A Michigan man nearly met his maker while he was hunting for moose in Alaska, after he and a group of hunters unknowingly stumbled upon a grizzly bear and her cubs.
Nicholas Kuperus, 33, was hunting in northern Alaska, approximately 300 miles north of Anchorage, when he and his group accidentally came across the path of the mother bear and her three young cubs on 6 September.
In an interview Memphis Live, the man’s uncle described how the interaction very quickly escalated, with the mother bear shifting into attack mode and lunging at the 33-year-old hunter.
“She was coming at him and he put his arm out,” said the man’s uncle, Mark Kuperus.
The man then attempted to shield himself from the defensive mother bear, sticking his arms out as a barrier against its teeth, leaving what the Alaska Wildlife Troopers described as “serious puncture wounds” to both of his outstretched limbs.
What ultimately stopped the attack, and likely saved Mr Kuperus’s life, was the bear spray he had tucked away, which he somehow managed to pull out despite the bear latching onto his body.
After deploying the non-lethal deterrent, two of his fellow hunters were able to further scare off the bear into the woods after firing off warning shots with their handguns.
After successfully removing the protective mother bear from the scene, the group then pivoted to getting their friend immediate medical attention. They were able to connect with the Alaska Wildlife Troopers after using a satellite communication device to request help.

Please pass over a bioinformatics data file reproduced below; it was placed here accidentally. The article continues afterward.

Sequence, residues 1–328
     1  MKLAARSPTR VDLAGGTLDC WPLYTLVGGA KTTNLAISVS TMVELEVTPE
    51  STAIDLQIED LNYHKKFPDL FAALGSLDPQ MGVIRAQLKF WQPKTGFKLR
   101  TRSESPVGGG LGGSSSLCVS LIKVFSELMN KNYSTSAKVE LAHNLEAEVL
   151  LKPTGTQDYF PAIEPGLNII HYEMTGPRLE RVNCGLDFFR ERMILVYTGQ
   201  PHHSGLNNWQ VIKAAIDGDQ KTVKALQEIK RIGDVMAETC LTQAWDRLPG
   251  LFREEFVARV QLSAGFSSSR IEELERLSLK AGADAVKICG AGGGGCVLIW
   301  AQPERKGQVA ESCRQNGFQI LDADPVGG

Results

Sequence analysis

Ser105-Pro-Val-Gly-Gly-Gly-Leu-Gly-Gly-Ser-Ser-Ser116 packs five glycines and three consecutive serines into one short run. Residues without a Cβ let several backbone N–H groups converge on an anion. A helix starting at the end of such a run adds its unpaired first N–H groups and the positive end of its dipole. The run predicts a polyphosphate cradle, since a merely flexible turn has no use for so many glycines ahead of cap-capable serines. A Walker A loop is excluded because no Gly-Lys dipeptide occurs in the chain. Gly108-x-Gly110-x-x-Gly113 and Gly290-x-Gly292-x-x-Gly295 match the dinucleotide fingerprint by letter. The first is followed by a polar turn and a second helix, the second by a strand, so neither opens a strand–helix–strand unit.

The troopers arrived shortly after from Glennallen, arriving in PA-18 Super Cub that used a nearby ridgetop as a makeshift runway.
Mr Kuperus was transported by ambulance to Glennallen and then taken to a nearby hospital to treat the wounds covering his shoulders to hands.
By Wednesday, about two days after the attack, his uncle confirmed that his nephew was “on the mend”, according to Memphis Live.
“They stitched him up and he’s doing well,” he said.
Bear attacks in the US are exceedingly rare, but the National Park Service does note that they can occur, particularly in instances where the mammal is protecting their food or, as was the case in Alaska this week, their young cubs.
The service does have guidelines for how to be protected in the rare case you do find yourself confronted by a threatening bear but notes that your method of protection will vary depending on the kind of bear you’re faced up against.
For brown bears, with which grizzly bears are included, the service suggests that you “PLAY DEAD” and lay flat on your stomach with your hands clasped behind your neck.
“Spread your legs to make it harder for the bear to turn you over. Remain still until the bear leaves the area,” the recommendation on the website reads, noting that fighting back typically only increases the intensity of these kind of attacks.
For black bears, the advice is quite different.
“If you are attacked by a black bear, DO NOT PLAY DEAD,” it warns, adding that people who suspect they are being attacked by this kind of bear should try and escape or find a secure place such as a car or a building with a lockable door.
“If escape is not possible, try to ﬁght back using any object available. Concentrate your kicks and blows on the bear’s face and muzzle,” the National Park Service advises.
Again, these kinds of attacks are not common, the park service notes. For instance, since 1980, there have been only two grizzly bear-caused human injuries in areas that are considered developed. While over the same time span, officials have only reported 34 human injuries occurring in the backcountry, which equates to an average of one per year.
This article by Johanna Chisholm was first published by The Independent on 8 September 2022.
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